First, I’ll say this: Hill should have been shot as soon as he walked into that school. This may sound harsh, especially considering what we’ve discovered in hindsight. According to Hill’s family, he suffers from bipolar disorder and ADD. His words and actions to Ms. Tuff indicate to me that he wasn’t a violent sociopath hell-bent on mass murder, he was a troubled young man desperate for attention and sympathy (which Ms. Tuff provided). Hill was the kind of man who was receptive to dialogue, not the kind of guy who would only stop killing if he was killed himself.
But nobody knew that at the time. All anyone knew was that a man walked into a school with an AK and announced his desire to kill. If we as a nation allowed teachers to carry, or mandated armed police or security in schools, a good person with a weapon could have immediately engaged, and kept engaging until Hill was incapable of pulling a trigger.
In any potential active shooter situation, the suspect should be disabled through the use of lethal force as soon as the threat is recognized. No, that doesn’t mean we dump a magazine on anyone we think might do something dangerous. It does mean that if a 20 year old walks into an elementary school with an AK, we ask ourselves a few questions. Is there a good reason a 20 year should be in an elementary school with a rifle? Does the school have an AK marksmanship class this man teaches? Is there some school-sanctioned AK-47 event going on that day? Is there some reasonable, rational explanation for a troubled-looking (based on his booking picture and description) man to walk into a school with an AK? If the answer to those questions is no, then someone needs to make a reasonable, rational decision to respond with force.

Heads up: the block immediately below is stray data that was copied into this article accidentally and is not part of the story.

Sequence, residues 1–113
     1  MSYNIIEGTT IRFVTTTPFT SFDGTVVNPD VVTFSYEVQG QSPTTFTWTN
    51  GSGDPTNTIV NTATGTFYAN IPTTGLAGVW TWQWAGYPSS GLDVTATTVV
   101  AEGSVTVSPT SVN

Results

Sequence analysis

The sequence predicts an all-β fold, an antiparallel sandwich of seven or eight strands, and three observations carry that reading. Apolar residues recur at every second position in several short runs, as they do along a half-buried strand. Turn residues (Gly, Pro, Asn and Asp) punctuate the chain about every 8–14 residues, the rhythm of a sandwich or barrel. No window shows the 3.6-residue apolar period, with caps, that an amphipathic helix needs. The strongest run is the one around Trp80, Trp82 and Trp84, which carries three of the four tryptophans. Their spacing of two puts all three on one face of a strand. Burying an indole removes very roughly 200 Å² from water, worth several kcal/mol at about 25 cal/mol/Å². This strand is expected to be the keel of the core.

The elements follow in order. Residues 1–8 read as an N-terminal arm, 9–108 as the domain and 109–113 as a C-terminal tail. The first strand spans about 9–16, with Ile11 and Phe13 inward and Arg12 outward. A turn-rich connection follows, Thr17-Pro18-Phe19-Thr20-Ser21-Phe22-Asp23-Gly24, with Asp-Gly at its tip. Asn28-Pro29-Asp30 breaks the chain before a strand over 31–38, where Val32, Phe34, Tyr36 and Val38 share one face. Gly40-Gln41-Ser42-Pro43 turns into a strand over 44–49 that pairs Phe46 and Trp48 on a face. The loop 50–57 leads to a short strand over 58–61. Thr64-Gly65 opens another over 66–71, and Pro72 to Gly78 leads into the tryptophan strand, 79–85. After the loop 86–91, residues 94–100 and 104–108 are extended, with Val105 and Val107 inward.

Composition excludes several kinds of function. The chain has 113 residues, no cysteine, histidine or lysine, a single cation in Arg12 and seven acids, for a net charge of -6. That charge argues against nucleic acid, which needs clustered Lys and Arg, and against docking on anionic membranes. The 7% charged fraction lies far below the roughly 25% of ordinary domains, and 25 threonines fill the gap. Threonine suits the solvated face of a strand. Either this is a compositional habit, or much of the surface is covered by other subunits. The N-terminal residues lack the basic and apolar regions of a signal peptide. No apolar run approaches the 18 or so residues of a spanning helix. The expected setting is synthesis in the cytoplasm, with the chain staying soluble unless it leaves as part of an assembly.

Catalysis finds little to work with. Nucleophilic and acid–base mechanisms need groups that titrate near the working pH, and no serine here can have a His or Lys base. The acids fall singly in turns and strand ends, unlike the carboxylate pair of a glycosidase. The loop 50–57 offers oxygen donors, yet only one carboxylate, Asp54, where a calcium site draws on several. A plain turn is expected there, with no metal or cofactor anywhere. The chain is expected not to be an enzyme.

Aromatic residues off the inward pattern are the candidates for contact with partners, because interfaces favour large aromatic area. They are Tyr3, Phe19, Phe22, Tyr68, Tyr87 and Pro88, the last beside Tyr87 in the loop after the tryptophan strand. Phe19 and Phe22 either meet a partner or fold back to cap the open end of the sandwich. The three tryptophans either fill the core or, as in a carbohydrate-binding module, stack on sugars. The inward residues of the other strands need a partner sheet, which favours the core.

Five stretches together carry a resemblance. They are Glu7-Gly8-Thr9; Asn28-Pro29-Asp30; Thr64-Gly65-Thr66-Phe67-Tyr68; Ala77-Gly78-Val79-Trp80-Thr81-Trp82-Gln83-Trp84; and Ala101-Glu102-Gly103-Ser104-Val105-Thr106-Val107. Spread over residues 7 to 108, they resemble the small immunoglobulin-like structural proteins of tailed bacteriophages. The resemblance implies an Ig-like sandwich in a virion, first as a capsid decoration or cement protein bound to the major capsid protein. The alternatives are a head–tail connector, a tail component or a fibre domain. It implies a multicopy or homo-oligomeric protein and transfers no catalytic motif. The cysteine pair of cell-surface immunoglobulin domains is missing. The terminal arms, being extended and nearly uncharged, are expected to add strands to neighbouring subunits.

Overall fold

In this case, Hill made the decision even easier by announcing his intention to kill and loading his weapon in front of the staff. If even one of the staff members had been armed, they could have drawn on Hill and engaged him before he loaded the rifle. But what happened instead? Hill was allowed to load the weapon and fire at will. Had he decided to do so, he could have killed a lot of people. The entire outcome was left in his hands, he had total control of the situation. The fact that he decided not to kill any students or staff, and failed to kill the police officers he shot at, doesn’t mean this incident is proof that teachers or staff shouldn’t be armed. It means he failed to carry out what he intended to do. It was the school shooting equivalent of the man who tried to blow up an airplane with an underwear bomb but only managed to set his genitals on fire. It’s objectively NOT a lesson on how to prevent school shootings in the future. As far as handling future active shooters, maybe we shouldn’t make plans that require the cooperation of the guy who’s trying to murder people.